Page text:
Bob Dylan: Songwriter of the Soul
This week, musician Bob Dylan was awarded the Nobel Prize in Literature for ushering in a new era of poetic songwriting, blending strains of poetry, philosophy, and theology. John Lennon wrote of Dylan’s influence, “Hearing Bob Dylan allowed me to make the leap from writing empty pop songs to expressing the actuality of my life and the depths of my own soul.”
The man who would become Bob Dylan – Robert Allen Zimmerman – was born in on May 24, 1941 and raised in the mostly Catholic town of Hibbing, MN. His mother, Beatty Stone, a native of Hibbling, married shop owner Abraham Zimmerman, the son of a peddler and shoemaker who emigrated from Russia to the U.S. in the 1920s. “When I was young, my life was built around the family,” Dylan recalls. “We got together all the time. There weren’t many Jews around.”
Dylan found a Jewish community in the summers at Herzl Camp in Webster, WI. He learned Hebrew and studied the Torah privately with a rabbi brought in to tutor him for his bar mitzvah.
His first musical hero was Hank Williams, whose classic country songs inspired him to write his own tunes. By age 12, Dylan knew he would be a musician. “I was never gonna be anything else, never,” he told me.
Dylan moved to New York at age 20 and two years later released his debut album, Bob Dylan, which contained only two original songs, one of them a tribute to folk legend Woody Guthrie. His second album, The Freewheelin’ Bob Dylan (1963), featured 13 original songs, including classics such as “Blowing In The Wind” and “Masters of War.” Dylan imbued himself with an air of mystery, and though he wrote protest songs in the ‘60s, he refused to be labeled as a “protest” singer.
While it was not unusual for a Dylan song to include biblical imagery in his songs, rarely did he reference Jewish rituals, with the exception of “Gates Of Eden” from Bringing It All Back Home (1965):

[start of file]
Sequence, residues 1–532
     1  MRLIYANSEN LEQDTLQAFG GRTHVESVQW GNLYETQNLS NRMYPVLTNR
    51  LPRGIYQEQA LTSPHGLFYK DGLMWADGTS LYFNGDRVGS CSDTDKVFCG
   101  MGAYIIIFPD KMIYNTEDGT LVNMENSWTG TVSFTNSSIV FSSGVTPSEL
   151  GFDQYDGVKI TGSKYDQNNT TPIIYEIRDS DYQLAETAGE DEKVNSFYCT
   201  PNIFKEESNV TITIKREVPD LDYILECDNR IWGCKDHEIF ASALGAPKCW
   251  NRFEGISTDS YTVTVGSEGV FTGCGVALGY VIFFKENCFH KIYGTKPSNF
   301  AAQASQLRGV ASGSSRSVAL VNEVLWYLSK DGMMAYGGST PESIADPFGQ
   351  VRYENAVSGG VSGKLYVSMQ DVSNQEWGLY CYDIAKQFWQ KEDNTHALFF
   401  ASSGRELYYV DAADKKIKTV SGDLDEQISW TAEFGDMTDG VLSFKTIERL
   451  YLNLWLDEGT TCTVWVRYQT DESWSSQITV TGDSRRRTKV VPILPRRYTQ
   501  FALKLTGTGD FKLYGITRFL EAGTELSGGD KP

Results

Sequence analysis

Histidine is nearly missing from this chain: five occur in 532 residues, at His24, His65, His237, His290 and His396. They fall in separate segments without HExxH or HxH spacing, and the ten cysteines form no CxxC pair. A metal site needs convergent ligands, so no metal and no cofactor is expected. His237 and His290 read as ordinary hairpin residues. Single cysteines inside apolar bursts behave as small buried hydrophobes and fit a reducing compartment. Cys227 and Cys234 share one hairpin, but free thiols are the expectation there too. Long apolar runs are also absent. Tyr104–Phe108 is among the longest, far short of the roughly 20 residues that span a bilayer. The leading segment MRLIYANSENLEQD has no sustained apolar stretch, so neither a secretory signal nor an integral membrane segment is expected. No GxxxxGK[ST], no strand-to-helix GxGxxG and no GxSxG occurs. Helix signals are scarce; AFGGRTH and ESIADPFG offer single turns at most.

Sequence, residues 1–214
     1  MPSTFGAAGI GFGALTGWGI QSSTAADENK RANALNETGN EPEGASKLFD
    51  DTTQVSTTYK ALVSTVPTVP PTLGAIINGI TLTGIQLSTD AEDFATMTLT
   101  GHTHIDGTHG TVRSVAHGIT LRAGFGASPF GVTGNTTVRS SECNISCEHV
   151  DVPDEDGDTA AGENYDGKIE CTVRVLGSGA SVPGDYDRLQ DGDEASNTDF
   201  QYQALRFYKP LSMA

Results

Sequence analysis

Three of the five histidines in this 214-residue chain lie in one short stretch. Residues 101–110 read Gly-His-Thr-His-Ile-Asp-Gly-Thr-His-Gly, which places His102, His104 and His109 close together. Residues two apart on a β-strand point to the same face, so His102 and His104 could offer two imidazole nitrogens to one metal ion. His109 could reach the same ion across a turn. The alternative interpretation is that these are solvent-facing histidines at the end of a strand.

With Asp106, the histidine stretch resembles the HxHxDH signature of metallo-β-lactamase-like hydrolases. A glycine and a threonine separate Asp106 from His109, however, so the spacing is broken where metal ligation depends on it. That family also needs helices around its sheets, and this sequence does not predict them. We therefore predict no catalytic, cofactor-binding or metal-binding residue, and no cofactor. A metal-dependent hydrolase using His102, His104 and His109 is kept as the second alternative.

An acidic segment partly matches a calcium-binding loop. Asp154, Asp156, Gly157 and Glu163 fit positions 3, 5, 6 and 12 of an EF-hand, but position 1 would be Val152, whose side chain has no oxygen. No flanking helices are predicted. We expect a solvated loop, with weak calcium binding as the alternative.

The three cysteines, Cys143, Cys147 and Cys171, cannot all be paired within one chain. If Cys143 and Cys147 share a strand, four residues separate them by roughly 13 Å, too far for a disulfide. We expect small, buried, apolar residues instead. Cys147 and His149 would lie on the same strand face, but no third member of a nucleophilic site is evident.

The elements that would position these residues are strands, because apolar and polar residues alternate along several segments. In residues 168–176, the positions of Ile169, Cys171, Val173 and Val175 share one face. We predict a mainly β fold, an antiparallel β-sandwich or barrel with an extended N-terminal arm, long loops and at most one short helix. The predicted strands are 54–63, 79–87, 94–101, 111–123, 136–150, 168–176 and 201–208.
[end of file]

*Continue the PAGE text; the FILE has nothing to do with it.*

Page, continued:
… As he weeps to wicked birds of prey
Who pick up on his bread crumb sins
And there are no sins inside the Gates of Eden
According to Dylan scholar Larry Yudelson, “bread crumb sins” refers to Tashlich, a ceremony at the beginning of the new year in which Jews throw crumbs into a body of water to cast out their sins
In 1966, Dylan withdrew from public life after a serious motorcycle accident. Living in Woodstock, N.Y., with his wife Sara and their children, he began to explore his Jewish roots, triggered perhaps by the death of his father. Dylan traveled to Israel and considered settling on a kibbutz.
His next album, John Wesley Harding (1968) had no fewer than 61 biblical references. “All Along the Watchtower” reflected imagery from Isaiah 21:5: “Set the table! To let the watchman watch.”
In the late ’70s, Dylan found Christianity, which took musical form in his 1979 album Slow Train Coming, featuring songs about Christ, such as “When He Returns” and “I Believe In You.” His next studio album, Saved (1980), remained in the Christian mode, but one of the songs, “Every Grain Of Sand,” led some Dylan watchers to speculate that he was returning to the Jewish fold:
Don’t have the inclination to look back on any mistake
Like Cain, I now behold this chain of events that I must break,
In the fury of the moment I can see the Master’s hand
In every leaf that trembles, in every grain of sand.
In 1982, Dylan and his son traveled to Israel to celebrate Jakob’s bar mitzvah. The inside cover of Dylan’s subsequent album, Infidels, included a photograph of the Mount of Olives overlooking Jerusalem. Although Infidels’ lyrics still alluded to the New Testament, Dylan’s attention had turned to the historical travails of the Jewish people, as in the song “Neighborhood Bully.”
When asked in a 1985 Rolling Stone interview about his “Christian period,” Dylan responded, “Whether you want to believe Jesus Christ is the Messiah is irrelevant, but whether you’re aware of the messianic complex, that’s all that’s important.…People who believe in the coming of the Messiah live their lives right now as if he was here.” Dylan’s fascination with “the messianic complex” may explain his attraction to the Lubavitchers, a Hasidic group that strives to hasten the coming of the messiah.
Bob Dylan’s pride and faith lie primarily in the supreme achievement of inspired songwriting. He commingles the linguistic beauty of Shakespeare, Byron, and Dylan Thomas (whose name he adopted); the expansiveness and beat experimentation of Ginsberg, Kerouac, and Ferlinghetti; and the folk poetry of Woody Guthrie and Hank Williams. His music emerges from a personal terrain, allowing him to explore poetic and philosophical possibilities and establish a greater sense of intimacy between himself and his audience.